ROY AND DALE
Get a famous horse . . . gear your work toward
children . . . Nashville will resist the cowboy and
western music . . . do it with a passion . . . don't
overlook the impact of parades.
Roy Rogers's advice on how to become a cowboy star, June 1994
The Rogers home in Chatsworth, California, once bustling with children's activity, was eerily quiet by the end of 1964. Sandy was away at a private academy; Dusty was a junior in high school and always on the go; Dodie was the last daughter at home and involved in a variety of scholastic and social functions. Roy and Dale decided the 13,000-acre Double R Ranch was too big for their shrinking family and set their sights on moving to a smaller place in Apple Valley. The two talked about retiring from the entertainment business and living out their days in the peaceful high-desert community. "I'd like to do what I want to do," Roy told Dale. "Not what other people want me to do."
What Roy really wanted to do was open a museum. From the beginning of his career, he had held on to everything he thought could be included in display cases. Watches, saddles, cowboy boots, comic books, and fan letters were just a few of the items Roy had kept over the years. Inspired by Will Rogers's museum, Dale and Roy decided the time was right for them to open a place of their own.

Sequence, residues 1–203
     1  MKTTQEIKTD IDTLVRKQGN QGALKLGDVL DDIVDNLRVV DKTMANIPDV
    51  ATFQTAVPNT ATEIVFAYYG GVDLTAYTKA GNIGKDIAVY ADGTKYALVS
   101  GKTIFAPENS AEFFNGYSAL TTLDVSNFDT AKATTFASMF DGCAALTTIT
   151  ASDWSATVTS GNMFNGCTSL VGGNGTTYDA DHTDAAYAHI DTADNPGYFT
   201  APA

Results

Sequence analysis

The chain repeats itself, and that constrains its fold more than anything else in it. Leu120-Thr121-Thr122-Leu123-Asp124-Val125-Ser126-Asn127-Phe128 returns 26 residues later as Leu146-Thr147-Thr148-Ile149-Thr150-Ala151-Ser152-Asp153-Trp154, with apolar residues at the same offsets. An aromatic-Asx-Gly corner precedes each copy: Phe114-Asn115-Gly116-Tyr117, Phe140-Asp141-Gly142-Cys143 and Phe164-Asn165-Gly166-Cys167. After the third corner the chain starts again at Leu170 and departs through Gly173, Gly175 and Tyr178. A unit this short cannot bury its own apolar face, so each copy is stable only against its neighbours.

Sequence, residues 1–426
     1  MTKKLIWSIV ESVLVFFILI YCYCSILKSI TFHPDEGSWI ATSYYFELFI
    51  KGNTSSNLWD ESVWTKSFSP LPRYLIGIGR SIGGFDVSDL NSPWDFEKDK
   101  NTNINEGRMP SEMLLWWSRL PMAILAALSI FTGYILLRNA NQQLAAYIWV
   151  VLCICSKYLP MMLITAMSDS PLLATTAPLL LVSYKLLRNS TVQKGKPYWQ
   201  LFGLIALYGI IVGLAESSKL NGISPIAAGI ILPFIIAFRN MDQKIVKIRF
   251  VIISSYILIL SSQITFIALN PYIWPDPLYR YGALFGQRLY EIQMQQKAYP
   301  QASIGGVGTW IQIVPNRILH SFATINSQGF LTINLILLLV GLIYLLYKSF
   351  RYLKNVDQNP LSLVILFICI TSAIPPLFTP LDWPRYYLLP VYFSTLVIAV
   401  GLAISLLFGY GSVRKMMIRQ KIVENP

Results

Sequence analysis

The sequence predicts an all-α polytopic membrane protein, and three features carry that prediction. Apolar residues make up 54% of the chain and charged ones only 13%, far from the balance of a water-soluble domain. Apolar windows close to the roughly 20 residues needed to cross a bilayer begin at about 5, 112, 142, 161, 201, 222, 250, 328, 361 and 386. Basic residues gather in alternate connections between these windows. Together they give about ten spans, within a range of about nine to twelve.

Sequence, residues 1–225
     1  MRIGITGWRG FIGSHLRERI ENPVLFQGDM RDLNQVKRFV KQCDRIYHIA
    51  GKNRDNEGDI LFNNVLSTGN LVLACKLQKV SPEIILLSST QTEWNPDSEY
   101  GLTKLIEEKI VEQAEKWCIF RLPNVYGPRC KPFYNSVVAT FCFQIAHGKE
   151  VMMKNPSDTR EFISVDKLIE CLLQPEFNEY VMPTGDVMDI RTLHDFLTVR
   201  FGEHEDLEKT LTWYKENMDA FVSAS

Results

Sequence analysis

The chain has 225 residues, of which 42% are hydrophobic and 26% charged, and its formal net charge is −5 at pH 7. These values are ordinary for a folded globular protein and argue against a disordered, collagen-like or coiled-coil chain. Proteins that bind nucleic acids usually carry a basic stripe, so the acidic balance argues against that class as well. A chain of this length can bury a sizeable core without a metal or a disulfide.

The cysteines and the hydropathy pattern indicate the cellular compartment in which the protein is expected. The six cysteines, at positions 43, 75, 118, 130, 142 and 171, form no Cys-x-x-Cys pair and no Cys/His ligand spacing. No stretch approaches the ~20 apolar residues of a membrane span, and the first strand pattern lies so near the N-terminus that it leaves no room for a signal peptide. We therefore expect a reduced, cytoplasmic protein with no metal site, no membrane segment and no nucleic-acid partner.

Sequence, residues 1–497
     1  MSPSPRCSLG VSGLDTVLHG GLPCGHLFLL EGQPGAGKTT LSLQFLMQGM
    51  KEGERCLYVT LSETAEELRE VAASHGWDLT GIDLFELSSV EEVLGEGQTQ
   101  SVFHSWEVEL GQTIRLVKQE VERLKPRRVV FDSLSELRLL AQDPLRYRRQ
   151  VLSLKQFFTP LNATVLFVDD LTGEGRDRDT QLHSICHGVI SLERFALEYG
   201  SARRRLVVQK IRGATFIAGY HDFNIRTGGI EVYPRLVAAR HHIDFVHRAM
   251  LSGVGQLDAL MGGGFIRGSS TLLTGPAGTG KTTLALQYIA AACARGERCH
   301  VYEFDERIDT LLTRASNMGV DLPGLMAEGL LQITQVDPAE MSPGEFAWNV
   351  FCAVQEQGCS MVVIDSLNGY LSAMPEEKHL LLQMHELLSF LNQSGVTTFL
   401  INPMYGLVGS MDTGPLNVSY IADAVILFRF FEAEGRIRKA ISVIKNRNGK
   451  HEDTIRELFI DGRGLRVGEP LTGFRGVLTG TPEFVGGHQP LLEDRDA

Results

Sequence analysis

After relocating to the Mojave Desert, the couple purchased a bowling alley, renovated the interior, and began unloading crates and boxes filled with western memorabilia. Their days of leisure would be spent visiting the museum, playing with their grandkids, breeding horses, and riding the dusty trails around their home on motorcycles. They limited their time in the public spotlight to guest appearances on television shows and Billy Graham crusades. Still, their schedules slowed only slightly after announcing they would retire. After more than twenty years in the business, the King of the Cowboys and the Queen of the West continued to be in public demand. The famous duo rarely refused an invitation to perform.
The Rogers family settled nicely into the Victorville Valley area. Dodie, Dusty, and Sandy were making new friends at school, forming bands, dating, and attending church. Sandy met a girl named Sharyn and fell in love.
He confided in his brother his desire to marry her and join the army. Dusty wasn't surprised by his vocation choice—as long as he had known Sandy, he'd had a love of the army. But he was only seventeen and would need Roy and Dale's permission to enlist. Dusty reminded Sandy that he was still in high school and suggested he have a talk with their parents if he truly believed this was his calling.
Roy and Dale stared solemnly back at their son as he unfolded his plans for the future. Sandy had approached his parents once before on the subject. A year prior to this conversation, he had asked for their consent to enlist and fight in Vietnam. They'd refused because they wanted him to finish school. He was ready now with an answer to that argument. "I'm making good grades," he reasoned. "I want to serve my country. I want to prove myself a man. I promise to get my high school diploma in the service." Roy asked him about Sharyn, and, smiling proudly, Sandy told his father that she had promised to wait for him.
The determined teenager defended his position with sincere conviction. Seeing how determined he was to realize his dream, Roy and Dale relented and gave him their consent.